The Best and Worst Uniforms of All Time: The Chicago Cubs

3 Comments

The Best: The Cubs have stayed pretty close to a classic look, at least in living memory. Like a lot of teams, they did the minimalism thing pretty well 100 years ago. They experimented some here and there, but they’ve never strayed too far from the big C on the home uniforms. Choosing among relatively minor variations, I’ll take the 1960s set over the current model if for no other reason than I like the cuddly little bear better than the cub walking out of the “C” on the sleeve on the road uniforms. Which is dumb, I know, because the cartoony things are, well, cartoony. But I’ve always had a soft spot for it. You’ll see this again when we get to the birdie teams in the AL.

Worst: They were doing some funky stuff in the early 40s. Some of it may have even involved satin. The 1918 road uniforms were . . . interesting. They may be the most forgotten practitioner of the powder blue look. Really, if you ask your friends to list all the teams who sported powder blues, I bet the Cubs get named last, even though they were doing it before just about anyone else. I wish they wouldn’t wear the solid blue road alternates, but I’ll grant that they’ve been doing that lot longer than most other teams have, so if anyone gets a pass for it, the Cubs do.
Assessment: All in all, Chicago has stuck with the “if it ain’t broke don’t fix it” model more than any of the teams who haven’t slavishly adhered to their classic look like the Yankees and Dodgers.  They’ve experimented, sure, but they always seem to come back to sanity soon enough.

Report: Christian Yelich’s relationship with Marlins ‘irretrievably broken’

Rich Schultz/Getty Images
15 Comments

Joe Longo, the agent of Marlins outfielder Christian Yelich, said his client’s relationship with the Marlins is “irretrievably broken,” ESPN’s Jerry Crasnick reports. He believes in the best interest of both Yelich and the Marlins to work out a trade before the start of spring training.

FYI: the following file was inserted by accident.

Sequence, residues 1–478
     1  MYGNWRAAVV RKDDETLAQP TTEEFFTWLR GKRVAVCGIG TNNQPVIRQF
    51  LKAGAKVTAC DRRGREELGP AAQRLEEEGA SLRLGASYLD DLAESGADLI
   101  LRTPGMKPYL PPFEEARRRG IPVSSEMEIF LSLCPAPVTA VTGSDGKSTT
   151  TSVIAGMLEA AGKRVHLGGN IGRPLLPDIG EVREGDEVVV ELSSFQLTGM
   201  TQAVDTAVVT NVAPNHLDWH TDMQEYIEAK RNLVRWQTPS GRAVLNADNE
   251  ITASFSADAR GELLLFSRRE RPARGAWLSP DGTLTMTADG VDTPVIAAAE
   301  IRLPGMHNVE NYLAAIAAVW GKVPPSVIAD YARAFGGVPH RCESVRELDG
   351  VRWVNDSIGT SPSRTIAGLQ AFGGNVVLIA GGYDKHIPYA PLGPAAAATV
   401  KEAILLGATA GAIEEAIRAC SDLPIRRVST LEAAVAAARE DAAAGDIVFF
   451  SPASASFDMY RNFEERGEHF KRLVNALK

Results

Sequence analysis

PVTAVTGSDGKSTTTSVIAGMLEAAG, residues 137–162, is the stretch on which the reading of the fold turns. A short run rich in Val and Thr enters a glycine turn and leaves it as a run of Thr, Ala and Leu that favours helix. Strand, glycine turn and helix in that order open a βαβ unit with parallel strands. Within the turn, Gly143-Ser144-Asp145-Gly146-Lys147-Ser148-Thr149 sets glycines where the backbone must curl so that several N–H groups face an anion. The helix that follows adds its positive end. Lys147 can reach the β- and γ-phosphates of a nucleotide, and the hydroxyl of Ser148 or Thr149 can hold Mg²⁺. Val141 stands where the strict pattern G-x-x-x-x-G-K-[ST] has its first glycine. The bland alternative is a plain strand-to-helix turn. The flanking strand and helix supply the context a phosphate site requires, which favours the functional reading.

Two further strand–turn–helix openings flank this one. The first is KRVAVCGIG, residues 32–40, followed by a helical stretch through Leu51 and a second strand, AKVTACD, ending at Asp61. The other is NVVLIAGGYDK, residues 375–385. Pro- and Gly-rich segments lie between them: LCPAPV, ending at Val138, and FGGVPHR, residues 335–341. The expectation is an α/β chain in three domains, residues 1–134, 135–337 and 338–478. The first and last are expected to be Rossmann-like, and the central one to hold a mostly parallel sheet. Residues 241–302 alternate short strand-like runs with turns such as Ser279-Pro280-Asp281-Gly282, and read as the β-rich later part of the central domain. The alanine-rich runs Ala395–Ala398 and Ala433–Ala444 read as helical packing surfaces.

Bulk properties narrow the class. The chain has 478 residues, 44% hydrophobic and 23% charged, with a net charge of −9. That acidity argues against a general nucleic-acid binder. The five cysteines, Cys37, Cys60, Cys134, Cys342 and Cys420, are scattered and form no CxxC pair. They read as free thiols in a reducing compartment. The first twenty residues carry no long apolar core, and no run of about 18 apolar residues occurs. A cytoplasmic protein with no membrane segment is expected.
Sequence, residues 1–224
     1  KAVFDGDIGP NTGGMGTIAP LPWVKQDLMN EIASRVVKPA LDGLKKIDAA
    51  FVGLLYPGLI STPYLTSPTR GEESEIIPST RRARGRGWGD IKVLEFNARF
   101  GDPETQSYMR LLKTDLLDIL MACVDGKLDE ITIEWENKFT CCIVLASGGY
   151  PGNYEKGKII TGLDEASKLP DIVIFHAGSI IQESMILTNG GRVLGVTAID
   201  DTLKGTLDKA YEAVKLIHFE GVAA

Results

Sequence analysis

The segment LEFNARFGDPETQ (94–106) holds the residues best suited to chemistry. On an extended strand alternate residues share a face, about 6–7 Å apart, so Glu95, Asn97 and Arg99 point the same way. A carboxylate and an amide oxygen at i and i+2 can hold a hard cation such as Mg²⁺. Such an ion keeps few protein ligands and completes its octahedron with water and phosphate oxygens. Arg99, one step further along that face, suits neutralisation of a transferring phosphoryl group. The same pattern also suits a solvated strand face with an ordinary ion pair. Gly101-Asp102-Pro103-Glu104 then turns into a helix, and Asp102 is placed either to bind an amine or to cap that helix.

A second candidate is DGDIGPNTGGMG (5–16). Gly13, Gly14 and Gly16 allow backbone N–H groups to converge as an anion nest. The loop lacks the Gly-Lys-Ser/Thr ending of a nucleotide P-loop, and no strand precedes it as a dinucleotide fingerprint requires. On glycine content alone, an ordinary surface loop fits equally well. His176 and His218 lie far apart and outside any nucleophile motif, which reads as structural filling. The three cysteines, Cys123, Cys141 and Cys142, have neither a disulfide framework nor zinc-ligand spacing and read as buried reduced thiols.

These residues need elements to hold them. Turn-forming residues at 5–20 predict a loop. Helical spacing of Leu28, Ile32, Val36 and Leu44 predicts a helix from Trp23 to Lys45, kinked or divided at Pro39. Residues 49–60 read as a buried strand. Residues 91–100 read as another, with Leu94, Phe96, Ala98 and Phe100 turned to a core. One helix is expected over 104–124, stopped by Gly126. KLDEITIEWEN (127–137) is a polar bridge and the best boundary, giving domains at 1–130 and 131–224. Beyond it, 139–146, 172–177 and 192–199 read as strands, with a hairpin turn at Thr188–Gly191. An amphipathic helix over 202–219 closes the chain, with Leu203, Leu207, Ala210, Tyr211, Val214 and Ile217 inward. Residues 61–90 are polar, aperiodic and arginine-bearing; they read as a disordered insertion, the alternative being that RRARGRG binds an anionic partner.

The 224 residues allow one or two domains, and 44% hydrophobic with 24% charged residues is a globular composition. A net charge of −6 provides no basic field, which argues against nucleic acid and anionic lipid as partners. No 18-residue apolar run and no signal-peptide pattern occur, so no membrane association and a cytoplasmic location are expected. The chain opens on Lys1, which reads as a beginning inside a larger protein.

Longo said,

They have a plan. I respect that plan, but that plan shouldn’t include Christian at this point in his career. He’s in the middle of the best years of his career, and having him be part of a 100-loss season is not really where [we] want to see him going.

The relationship between player and team is irretrievably broken. It’s soured. He’s part of the old ownership regime. The new ownership regime needs to get new parts into this plan and move forward, and he needs to get on with his career where he’s got a chance to win. The big issue is him winning and winning now.

He loves the city of Miami. He loves the fans. He’s had nothing but a good experience in South Florida, and he feels sorry where they ended up. But I think having him report [to spring training] and attempting to include him moving forward is going to be uncomfortable for both sides. I don’t see how it’s going to work.

This certainly comes as no surprise considering the offseason the Marlins have had after installing new ownership, going from Jeffrey Loria to Bruce Sherman and Derek Jeter. The club traded All-Star outfielder Giancarlo Stanton, who hit 59 home runs last season, as well as Dee Gordon and Marcell Ozuna. As Crasnick notes, Yelich isn’t the only player to express disappointment with the Marlins’ current direction — J.T. Realmuto and Starlin Castro have as well.

Yelich, 26, signed a seven-year, $49.57 million contract extension with the Marlins in March of 2015. Given his career performance, that’s a bargain of a contract, which is why more than a handful of teams have inquired with the Marlins about him this offseason. Yelich finished the past season with a .282/.369/.439 triple-slash line along with 18 home runs, 81 RBI, 100 runs scored, and 16 stolen bases in 695 plate appearances.